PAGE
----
Territoriality, Governmentality & Colonial Rule – University of Copenhagen

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Territoriality, Governmentality & Colonial Rule: A Global History of the War on Non-Sedentary Peoples and Itinerant Cultures during the Long 19th Century

Postdoctoral research project by Martin Müller, Saxo Institute

Funded by The Danish Council for Independent Research - Humanities (FKK).

The concept of territoriality and its ubiquitous praxis of demarcation
The project examines the importance of the concept of territoriality throughout the long 19th century. This period was characterised by the growth and solidification of national, imperial, and colonial state formations; these were defined by their well-demarcated spatial extension (territoriality) and an intended all-encompassing mode of governance (governmentality).

Martin Müller contends that the perceptions and conceptualizations of the so-called nomads and hunter-gatherers throughout this period can provide a thematic prism that accentuates some central – albeit often ignored – aspects of territoriality emphasizing the connections between geographical location, political affiliation, and cultural grounding.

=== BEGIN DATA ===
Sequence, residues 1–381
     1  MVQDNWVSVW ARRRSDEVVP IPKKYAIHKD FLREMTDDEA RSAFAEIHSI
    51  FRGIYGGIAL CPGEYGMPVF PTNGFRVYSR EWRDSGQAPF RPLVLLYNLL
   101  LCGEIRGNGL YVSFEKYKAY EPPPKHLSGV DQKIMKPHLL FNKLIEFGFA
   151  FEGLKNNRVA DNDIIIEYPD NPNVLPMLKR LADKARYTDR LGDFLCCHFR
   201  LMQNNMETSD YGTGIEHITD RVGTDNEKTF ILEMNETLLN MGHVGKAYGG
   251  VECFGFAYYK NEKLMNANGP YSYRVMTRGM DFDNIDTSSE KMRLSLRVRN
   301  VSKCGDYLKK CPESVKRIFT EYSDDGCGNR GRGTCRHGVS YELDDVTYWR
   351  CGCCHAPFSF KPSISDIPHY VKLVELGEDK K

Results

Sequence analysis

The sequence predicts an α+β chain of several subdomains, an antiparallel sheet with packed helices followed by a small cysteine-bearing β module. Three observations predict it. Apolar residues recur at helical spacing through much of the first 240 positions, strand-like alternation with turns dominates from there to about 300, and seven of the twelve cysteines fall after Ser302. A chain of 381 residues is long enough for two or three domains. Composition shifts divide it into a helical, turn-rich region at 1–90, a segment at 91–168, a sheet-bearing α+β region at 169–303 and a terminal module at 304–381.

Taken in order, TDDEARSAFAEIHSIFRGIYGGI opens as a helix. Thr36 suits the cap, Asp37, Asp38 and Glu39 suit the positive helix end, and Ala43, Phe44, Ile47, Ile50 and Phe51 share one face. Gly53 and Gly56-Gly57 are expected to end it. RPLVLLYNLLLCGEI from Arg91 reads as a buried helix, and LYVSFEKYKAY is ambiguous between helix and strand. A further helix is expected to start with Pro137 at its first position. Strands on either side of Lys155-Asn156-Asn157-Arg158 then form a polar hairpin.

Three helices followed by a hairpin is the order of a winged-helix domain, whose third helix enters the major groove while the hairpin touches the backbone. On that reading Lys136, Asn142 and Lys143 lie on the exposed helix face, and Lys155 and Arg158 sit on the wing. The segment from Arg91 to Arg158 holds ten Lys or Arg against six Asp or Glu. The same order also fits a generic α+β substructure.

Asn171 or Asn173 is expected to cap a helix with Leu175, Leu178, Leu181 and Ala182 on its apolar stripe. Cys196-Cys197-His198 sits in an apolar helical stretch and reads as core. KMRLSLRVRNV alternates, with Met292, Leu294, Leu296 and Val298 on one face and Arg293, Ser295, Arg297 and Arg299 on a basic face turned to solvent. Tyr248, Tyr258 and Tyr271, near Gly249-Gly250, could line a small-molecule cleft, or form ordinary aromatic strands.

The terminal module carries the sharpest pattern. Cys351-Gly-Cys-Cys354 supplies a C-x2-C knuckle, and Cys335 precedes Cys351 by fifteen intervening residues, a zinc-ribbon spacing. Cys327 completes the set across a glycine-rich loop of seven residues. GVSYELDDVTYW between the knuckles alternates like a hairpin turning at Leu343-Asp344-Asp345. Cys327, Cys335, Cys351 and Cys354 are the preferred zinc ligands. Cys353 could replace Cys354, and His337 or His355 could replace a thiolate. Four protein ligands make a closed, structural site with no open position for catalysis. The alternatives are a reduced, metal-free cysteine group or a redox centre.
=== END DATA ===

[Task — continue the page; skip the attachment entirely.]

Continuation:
Marginalizing conceptualizations and violent practices
One of the most enduring themes in popular presentations of 19th century history deals with how the prairie Indians gradually, but inevitably, were banished from their hunting grounds and condemned to wither within the confines of well-demarcated reservations.
This notorious narrative, however, was not restricted to the sphere of North America. On the contrary, it appeared to form part of a much larger and pervasive historical dynamic, marginalizing the cultures on the move, and which sought to annihilate their roaming life-style, if not necessarily the peoples themselves.

Martin Müller

Investigation dynamics of globalization, colonization, and nationalization Hence, instead of only viewing this dynamic within its narrower national or regional frameworks and assessing it in terms of local causes and effects, as usually done, this project perceives it as a global phenomenon. That is, as resulting from the ubiquitous dynamics of globalization, colonization, and nationalization that swept across the world during the 19th century.

This resulted in events that were not only comparable but also connected through an array of networks facilitating the production, transfer, and reception of shared ideas and common practices on these matters.

Apart from a sustained theoretical focus on the global circulation and connectivity of these ideas and practices, the project will contain case studies addressing a set of different geographical, cultural, and political settings. These include;

  • North America,
  • Latin America,
  • parts of Africa, South Asia,
  • Southeast Asia, and
  • Central Asia.